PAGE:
Passive House standards gaining in single family and multifamily projects
The Orchards at Orenco Passive House project
Passive House building in North America has become more prominent with announcements of multifamily and single family home projects that will meet the rigorous standards for energy consumption.
In New York City, Cornell Tech plans to build on its Roosevelt Island campus first high-rise residential building in the world built to passive house (PH) standards. Construction is set to begin this month on the 26-story building; it will comprise 350 residential units and open as part of the campus’s first phase in 2017.
“Constructing the first passive house residential high-rise in the world is the latest and most exciting example of our effort to set new benchmarks in sustainability and innovation,”said Cornell Tech Dean Dan Huttenlocher. “We hope this will serve as a model for how passive house standards can be brought to scale in the United States and create a new template for green design here in New York City.”
PH buildings consume 60 to 70 percent less energy than typical buildings, surpassing modern standards like LEED and NYSERDA. They incorporate a super insulated building façade, an airtight building envelope and an energy recovery ventilation (ERV) system to create a comfortable interior climate without drafts and cold spots. The ERV system constantly pulls in fresh air and removes stale air, while recovering the energy in the climate-controlled air leaving the building.
Cornell Tech Residential will incorporate a number of sustainability-focused design elements. The façade will act as a thermally insulated blanket wrapping the building structure. At the southwest façade, facing Manhattan, the exterior façade opens to reveal a louver system that extends the entire height of the building. This reveal is designed to be the “gills” of the building, housing the heating and cooling equipment and allowing the building system to “breathe.” Low-VOC paint, which limits off gassing and improves indoor air quality, will be used throughout the building, among many other elements. Compared with conventional construction, the building is projected to save 882 tons of CO2 per year, equal to planting 5,300 new trees.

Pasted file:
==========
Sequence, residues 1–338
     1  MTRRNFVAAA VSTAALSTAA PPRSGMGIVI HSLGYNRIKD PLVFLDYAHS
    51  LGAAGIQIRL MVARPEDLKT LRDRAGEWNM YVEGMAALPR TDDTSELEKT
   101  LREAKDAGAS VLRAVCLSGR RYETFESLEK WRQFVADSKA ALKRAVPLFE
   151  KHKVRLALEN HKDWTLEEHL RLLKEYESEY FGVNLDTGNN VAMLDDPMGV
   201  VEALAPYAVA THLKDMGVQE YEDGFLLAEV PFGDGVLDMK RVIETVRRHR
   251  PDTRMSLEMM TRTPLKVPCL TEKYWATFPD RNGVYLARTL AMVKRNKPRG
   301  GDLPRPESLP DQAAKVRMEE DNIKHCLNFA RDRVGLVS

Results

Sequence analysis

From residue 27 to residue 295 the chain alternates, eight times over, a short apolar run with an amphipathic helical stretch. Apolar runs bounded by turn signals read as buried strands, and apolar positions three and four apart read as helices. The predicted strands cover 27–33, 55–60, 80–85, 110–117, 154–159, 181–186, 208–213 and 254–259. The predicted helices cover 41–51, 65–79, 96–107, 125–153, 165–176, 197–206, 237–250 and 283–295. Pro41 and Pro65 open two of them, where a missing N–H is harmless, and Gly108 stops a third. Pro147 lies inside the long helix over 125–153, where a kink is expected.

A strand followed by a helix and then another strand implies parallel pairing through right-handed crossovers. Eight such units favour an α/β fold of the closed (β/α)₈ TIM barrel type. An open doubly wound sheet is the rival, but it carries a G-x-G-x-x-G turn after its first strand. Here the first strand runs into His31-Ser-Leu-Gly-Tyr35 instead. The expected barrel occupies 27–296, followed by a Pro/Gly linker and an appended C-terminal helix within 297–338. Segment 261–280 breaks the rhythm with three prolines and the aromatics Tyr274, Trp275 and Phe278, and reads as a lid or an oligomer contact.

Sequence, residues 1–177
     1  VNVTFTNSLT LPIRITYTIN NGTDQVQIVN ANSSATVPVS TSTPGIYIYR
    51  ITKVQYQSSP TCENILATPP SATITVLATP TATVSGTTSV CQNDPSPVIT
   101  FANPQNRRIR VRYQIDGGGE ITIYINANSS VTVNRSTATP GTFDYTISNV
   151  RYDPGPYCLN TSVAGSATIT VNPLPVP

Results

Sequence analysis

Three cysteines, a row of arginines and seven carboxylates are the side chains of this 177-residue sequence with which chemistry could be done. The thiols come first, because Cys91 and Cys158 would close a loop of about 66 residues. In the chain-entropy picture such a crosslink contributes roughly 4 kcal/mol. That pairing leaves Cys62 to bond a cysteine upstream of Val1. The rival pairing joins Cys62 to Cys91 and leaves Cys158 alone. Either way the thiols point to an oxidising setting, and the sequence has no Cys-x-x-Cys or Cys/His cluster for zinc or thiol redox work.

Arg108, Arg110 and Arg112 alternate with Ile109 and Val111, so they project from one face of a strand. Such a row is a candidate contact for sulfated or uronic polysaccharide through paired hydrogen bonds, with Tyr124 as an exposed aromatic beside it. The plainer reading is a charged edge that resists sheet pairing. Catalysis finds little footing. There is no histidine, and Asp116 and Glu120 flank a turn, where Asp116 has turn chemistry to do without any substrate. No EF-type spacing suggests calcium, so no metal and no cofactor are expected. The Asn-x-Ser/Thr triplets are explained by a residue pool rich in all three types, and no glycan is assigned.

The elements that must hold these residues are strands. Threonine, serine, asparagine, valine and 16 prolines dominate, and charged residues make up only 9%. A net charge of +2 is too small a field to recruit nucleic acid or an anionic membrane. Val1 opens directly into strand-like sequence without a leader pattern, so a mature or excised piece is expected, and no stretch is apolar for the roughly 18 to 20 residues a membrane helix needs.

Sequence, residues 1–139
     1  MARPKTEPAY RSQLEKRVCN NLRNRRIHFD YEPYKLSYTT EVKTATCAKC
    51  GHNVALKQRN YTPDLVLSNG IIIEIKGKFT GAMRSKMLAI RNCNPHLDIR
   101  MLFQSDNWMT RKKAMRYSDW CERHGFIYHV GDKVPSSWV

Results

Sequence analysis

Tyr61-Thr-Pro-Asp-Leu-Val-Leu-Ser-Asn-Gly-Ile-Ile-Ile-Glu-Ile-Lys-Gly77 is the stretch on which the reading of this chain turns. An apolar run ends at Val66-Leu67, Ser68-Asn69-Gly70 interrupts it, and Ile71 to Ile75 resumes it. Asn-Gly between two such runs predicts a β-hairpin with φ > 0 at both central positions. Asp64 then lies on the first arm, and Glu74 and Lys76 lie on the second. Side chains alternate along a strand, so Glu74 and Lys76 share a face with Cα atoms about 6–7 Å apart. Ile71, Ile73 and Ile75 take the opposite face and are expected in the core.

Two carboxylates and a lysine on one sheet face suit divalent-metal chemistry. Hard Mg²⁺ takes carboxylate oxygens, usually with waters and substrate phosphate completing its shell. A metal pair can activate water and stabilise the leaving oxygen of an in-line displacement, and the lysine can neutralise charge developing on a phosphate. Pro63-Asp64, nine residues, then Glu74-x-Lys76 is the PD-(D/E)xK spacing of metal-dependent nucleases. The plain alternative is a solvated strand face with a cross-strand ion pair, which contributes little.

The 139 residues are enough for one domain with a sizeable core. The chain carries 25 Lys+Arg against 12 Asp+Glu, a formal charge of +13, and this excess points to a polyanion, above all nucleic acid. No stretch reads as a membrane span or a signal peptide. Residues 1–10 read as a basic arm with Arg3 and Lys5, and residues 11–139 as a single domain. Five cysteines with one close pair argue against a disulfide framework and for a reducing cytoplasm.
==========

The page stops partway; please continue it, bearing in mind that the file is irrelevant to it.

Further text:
Developed in partnership with the Hudson Companies and Related Companies and designed by New York City-based Handel Architects, the high-rise will be the tallest building on Cornell Tech’s campus. A state-of-the-art, color-changing paint will make the building’s exterior shimmer when reflecting light, shifting color from silver to warm champagne. The interior is designed to provide a comfortable living experience that reinforces the social and intellectual connectivity that is at the heart of the school’s mission, and it will feature a number of collaborative interior and exterior spaces.
Largest U.S. Passive House Building Opens
In Hillsboro Oregon, the largest the largest multi-family building built to Passive House energy standards in North America opened its doors in June.
The Orchards at Orenco is a new affordable 57-unit development located at the Orenco Station in Hillsboro, Oregon. Orchards at Orenco Phase I is the largest multi-family building built to Passive House energy standards in North America.
It's part of the city's plan to develop affordable housing in the highly rated New Urban neighborhood.
Over the past 15 years, several thousand market-rate housing units have been developed in and around Orenco Station in Hillsboro, Oregon, a nationally recognized model of New Urbanism.
The growth, however, has focused on market-rate and high end luxury living. None of the new units have been affordable to workers with incomes under approximately $30,000 a year.